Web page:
A July 31 installment in the series shows members of the group wearing masks but in direct physical contact with each other during what is described as their emergency medicine practical exam. In the simulation, they go through the motions of attending to and carrying a fallen colleague.
An August 8 installment shows five people wearing face coverings, but sharing an elevator.
An August 22 installment in the series says, “Special Agent Training Course #384 continues protective driving,” and shows two men without masks seated next to each other in the front seat of a car.
To be sure, some Secret Service training might be incompatible with social distancing. That includes instruction in so-called control tactics, which bear a resemblance to hand-to-hand combat and martial arts. Control tactics are used to block attackers.
On August 25, in another piece of the mosaic, District of Columbia Fire and EMS reported that a van carrying Secret Service recruit graduates stopped at the scene of a crash on Suitland Parkway and that the graduates rendered assistance. A photo of the uniformed Secret Service officers shows nine wearing masks but standing elbow to elbow in front of a van—apparently illustrating how tightly the vehicle would have been packed.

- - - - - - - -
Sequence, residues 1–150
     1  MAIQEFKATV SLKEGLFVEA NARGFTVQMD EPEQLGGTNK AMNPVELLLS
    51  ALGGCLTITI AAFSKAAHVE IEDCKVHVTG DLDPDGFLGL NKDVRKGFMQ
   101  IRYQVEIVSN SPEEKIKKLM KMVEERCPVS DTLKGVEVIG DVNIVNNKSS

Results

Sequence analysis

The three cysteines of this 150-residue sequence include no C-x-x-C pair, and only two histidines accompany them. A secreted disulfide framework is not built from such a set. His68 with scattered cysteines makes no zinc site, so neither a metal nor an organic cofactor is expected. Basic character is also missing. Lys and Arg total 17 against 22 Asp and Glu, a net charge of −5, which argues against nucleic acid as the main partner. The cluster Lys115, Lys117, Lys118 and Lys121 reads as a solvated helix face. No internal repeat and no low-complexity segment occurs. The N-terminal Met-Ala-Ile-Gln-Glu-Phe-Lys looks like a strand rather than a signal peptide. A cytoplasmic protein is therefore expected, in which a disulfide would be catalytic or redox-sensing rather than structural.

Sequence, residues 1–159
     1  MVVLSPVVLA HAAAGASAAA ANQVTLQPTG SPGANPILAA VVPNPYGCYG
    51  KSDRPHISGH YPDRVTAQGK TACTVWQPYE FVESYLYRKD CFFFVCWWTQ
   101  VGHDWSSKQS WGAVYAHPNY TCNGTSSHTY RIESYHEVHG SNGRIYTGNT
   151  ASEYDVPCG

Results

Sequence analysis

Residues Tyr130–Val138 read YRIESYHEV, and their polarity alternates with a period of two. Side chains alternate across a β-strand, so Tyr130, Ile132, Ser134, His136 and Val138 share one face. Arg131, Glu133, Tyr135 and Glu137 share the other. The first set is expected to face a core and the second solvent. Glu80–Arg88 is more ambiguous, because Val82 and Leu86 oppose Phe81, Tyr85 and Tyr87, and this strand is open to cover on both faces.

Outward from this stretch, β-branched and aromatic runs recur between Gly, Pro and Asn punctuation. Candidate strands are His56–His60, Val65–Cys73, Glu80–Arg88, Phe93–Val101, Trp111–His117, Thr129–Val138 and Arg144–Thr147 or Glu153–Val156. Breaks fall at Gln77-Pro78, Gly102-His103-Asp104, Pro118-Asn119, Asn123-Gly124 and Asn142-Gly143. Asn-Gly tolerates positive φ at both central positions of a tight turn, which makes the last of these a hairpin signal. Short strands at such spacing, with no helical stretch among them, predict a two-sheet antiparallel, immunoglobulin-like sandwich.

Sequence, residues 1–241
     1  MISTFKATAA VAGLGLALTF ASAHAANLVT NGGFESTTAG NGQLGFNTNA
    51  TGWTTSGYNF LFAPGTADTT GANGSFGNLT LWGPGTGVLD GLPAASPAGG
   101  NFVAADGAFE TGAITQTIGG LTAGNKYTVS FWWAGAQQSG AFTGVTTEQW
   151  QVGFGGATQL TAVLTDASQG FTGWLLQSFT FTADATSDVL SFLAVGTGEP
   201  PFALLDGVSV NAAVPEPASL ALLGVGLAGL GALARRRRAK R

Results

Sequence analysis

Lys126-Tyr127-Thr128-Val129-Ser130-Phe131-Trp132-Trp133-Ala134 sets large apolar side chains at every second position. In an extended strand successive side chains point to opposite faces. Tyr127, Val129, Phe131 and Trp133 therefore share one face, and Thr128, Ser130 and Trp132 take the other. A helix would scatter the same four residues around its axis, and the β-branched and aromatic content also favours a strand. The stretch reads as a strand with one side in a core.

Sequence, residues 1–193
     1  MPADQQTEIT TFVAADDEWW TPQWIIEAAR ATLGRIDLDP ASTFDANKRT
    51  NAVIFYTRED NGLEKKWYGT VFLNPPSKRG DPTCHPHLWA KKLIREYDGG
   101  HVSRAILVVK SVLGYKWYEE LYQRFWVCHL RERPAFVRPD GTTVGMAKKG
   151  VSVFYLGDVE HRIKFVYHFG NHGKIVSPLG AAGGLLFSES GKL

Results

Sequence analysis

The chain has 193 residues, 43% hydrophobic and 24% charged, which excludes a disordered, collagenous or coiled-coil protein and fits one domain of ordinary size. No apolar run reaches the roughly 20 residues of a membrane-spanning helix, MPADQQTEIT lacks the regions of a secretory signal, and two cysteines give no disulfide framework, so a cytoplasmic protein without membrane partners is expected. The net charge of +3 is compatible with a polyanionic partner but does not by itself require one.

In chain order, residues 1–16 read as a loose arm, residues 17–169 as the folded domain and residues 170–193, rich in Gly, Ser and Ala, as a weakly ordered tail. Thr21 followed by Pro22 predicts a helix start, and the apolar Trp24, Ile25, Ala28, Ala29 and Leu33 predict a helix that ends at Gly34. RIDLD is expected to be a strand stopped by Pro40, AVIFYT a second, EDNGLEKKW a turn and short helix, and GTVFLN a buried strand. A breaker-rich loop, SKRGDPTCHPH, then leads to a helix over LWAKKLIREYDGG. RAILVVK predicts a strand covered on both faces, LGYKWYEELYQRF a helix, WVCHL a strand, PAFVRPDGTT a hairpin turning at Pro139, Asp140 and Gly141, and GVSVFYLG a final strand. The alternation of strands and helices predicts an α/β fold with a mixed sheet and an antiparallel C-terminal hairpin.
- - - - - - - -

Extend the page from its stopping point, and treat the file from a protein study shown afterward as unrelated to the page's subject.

In a related tweet, the Secret Service said a group of recently graduated Uniformed Division officers were returning from an assignment when they pulled over to help.
POGO cannot state with certainty when the training academy videos posted by the Secret Service were made; we can only note when they were posted. The July 10 installment includes video of people wearing jackets, suggesting that at least those segments of the tweet could have been recorded earlier in the year, before the virus exploded into a national emergency. In other videos, the use of masks indicates that the scenes took place during the pandemic.